Comedy fans everywhere were devastated to learn Monday morning that iconic actor and comedian Jerry Stiller had died at the age of 92. His son, actor Ben Stiller, confirmed the news on Twitter: "I'm sad to say that my father, Jerry Stiller, passed away from natural causes. He was a great dad and grandfather, and the most dedicated husband to Anne for about 62 years. He will be greatly missed. Love you Dad."
Stiller, who is well known for playing George Costanza's dad in Seinfeld, suffered a health scare last year, four years after losing wife, Anne Meara, who died in 2015 after suffering multiple strokes at the age of 85. The two spent more than six decades married after tying the knot in 1954, later performing together as Stiller & Meara on sketch shows throughout the 1960s, including The Ed Sullivan Show. Keep scrolling to see the tributes to and memories of the late icon after the tragic news broke.
Breaking the News
Stiller's youngest child, who has performed alongside his father throughout his career, including in hit comedies like Zoolander, broke the news early Monday morning alongside a photo of his dad from earlier in his life.
I’m sad to say that my father, Jerry Stiller, passed away from natural causes. He was a great dad and grandfather, and the most dedicated husband to Anne for about 62 years. He will be greatly missed. Love you Dad. pic.twitter.com/KyoNsJIBz5— Ben Stiller (@RedHourBen) May 11, 2020
'May He Rest in Eternal Peace'
Fans flocked to Ben Stiller's announcement to share kind and comforting words about his dad's death.
Our condolences Ben. Death is always untimely but also a fact of our lives. May he rest in peace.— Ibrahim Kalin (@ikalin1) May 11, 2020
OMG, I am so sorry, I loved his work. May he rest in eternal peace.— Danny (@danzu72) May 11, 2020
Others shared memories they had of the late actor or lessons he had taught them over the years.
Oh man, so so sorry to hear this Ben. Your father, as Arthur in King of Queens, brought so much laughter & joy to my wife & I. Just a few weeks ago we introduced him/his character to our kids and they loved him, laughed with him, too. He was such a talent, so sorry for your loss.— Mehdi Hasan (@mehdirhasan) May 11, 2020
I’m so sorry. Your father was so funny, and made no secret of his love for his family and hard work. His take on the two types of unknown actors in his book has stayed with me: “I couldn’t understand what it was that stopped any actor from saying, ‘I’m looking for work.’”— Connie Schultz (@ConnieSchultz) May 11, 2020
People who had even worked directly with Stiller over the years weighed in.
I had the honor of working with your Dad on “TKOQ”. After the table read, I was canned & your father talked to the producers & got me my job back. When I thanked him, he said, “Hey, it’s not Shakespeare!” A class act & a legend. What a gift to the world. Deepest condolences. pic.twitter.com/Uynoyoj20M— Parry Shen (@parryshen) May 11, 2020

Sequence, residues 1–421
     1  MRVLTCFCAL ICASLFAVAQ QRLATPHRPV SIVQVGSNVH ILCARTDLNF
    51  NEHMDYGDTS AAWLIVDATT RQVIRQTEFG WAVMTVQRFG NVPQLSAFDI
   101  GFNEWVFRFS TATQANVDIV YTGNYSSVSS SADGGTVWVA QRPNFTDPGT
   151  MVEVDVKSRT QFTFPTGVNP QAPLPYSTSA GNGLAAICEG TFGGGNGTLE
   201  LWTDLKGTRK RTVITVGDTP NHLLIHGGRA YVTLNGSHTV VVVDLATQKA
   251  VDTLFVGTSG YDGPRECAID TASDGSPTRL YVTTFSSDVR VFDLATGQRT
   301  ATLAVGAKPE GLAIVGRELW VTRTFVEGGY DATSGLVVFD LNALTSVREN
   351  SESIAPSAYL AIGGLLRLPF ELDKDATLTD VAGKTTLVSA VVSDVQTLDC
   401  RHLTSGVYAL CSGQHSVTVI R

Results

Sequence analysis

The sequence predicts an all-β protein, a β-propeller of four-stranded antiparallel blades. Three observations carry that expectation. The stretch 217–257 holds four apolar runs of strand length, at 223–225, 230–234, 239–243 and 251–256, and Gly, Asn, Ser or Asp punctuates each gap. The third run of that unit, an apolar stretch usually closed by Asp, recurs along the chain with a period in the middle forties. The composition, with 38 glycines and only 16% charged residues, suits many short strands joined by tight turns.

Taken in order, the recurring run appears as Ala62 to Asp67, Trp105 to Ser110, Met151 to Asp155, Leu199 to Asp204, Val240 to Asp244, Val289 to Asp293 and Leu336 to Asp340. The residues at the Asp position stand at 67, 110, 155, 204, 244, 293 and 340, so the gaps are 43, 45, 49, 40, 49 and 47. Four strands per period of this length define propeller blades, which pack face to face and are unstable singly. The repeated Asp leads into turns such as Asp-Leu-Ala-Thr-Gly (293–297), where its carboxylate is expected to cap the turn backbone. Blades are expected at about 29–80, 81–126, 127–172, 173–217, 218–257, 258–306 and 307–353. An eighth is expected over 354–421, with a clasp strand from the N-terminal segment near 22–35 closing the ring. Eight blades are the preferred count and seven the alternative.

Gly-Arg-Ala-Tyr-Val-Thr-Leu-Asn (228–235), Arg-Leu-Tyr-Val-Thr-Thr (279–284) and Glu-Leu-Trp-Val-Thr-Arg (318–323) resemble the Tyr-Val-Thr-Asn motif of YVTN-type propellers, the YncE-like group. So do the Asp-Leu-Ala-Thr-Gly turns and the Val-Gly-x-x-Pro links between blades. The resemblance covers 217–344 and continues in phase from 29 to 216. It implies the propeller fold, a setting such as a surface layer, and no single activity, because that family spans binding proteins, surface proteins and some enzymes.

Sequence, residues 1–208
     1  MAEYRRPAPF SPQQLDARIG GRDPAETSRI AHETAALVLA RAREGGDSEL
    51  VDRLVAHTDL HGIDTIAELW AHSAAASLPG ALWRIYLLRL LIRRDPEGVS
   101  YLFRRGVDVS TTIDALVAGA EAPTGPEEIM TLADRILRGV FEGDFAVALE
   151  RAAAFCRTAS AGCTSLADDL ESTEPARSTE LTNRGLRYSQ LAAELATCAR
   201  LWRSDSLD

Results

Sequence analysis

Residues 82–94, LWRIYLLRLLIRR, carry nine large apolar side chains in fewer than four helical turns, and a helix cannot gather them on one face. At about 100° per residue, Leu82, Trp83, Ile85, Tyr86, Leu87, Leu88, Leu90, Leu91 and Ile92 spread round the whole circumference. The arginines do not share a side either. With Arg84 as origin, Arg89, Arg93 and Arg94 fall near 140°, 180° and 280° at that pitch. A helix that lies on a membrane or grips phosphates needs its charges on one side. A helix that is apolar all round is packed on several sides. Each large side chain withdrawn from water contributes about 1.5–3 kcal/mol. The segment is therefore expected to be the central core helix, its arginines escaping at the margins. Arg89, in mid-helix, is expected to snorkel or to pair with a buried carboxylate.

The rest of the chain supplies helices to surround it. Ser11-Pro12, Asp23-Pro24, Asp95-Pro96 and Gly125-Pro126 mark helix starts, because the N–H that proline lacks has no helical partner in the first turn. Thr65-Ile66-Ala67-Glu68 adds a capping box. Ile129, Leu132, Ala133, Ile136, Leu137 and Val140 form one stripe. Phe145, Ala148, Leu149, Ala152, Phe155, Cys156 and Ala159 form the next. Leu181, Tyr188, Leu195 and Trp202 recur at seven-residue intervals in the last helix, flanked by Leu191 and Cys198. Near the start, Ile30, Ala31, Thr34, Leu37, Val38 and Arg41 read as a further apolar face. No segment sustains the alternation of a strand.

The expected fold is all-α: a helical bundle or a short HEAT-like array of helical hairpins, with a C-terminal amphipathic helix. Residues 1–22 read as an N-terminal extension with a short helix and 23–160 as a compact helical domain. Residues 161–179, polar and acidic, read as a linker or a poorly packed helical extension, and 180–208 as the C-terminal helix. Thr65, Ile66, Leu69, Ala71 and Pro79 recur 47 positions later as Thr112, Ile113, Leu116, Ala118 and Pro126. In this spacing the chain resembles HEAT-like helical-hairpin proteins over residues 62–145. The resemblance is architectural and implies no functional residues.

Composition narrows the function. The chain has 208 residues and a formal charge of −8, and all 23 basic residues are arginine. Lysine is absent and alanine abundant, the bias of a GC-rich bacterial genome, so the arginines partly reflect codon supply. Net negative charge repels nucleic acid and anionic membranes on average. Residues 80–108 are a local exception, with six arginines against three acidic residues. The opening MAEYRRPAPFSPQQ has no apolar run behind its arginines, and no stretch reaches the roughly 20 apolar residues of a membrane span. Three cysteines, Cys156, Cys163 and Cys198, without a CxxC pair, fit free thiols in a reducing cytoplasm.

I spent a wonderful evening with your mum and dad. They were protective of me and so funny. It was a night I will never forget. My sincere condolences xx— Jane Kennedy (@Jane_L_Kennedy) May 11, 2020
Others took the chance to honor Stiller with references to his iconic roles as Frank Costanza on Seinfeld and Arthur Spooner on The King of Queens.
What a legend....but I'll always remember him as Frank Costanza pic.twitter.com/5ty62KezRP— Jimmie (@redjimmie1981) May 11, 2020
I’m in shock what a loss truly a gent , n the most amazing actor so funny, I still watch him in uk 🇬🇧 every morning king of queens same time never missed it before work, even constantly repeating never gets boring he lived a great life, thoughts to his son Ben stiller 🙏🏼RIP Jerry pic.twitter.com/j7GLYrjkwz— peeps we can do this be strong 👏🏼for CARERS NHS (@jayjaygabore1) May 11, 2020
What a Life
Stiller was inspired at a young age to get into show business, marveling at the Marx Brothers' A Night at the Opera when taken to the movies at age 8 by his father, a bus driver in the Depression-era. Serving in World War II and earning a degree at Syracuse University, Stiller made his way to New York City to make a name for himself.
A brief involvement with Shakespearean theater, Stiller married Meara in 1954 and their careers took off. Performing on radio commercials and at night clubs, the couple's hilarious dynamic eventually got them to The Ed Sullivan Show. They would go on to have children Amy, 58, and Ben, 54, both of whom would work in show business as well. The father-son duo even performed together in Shoeshine, which was nominated for a 1988 Academy Award in the short subject category.
In His Own Words0comments
In 2005, Stiller shared some of the lessons and takeaways he had gathered from life over the years with Esquire, giving a look at his big heart and quick wit. "You’ll always know if I’m in the audience when Ben or our daughter, Amy, is performing. I’m the one laughing loudest," he wrote.
Of working with the next generation of actors, he added, "It’s difficult to reach back to the people who gave you your first break because most of them are dead. So I try to be helpful to the newcomers. But please, don’t send me your screenplays."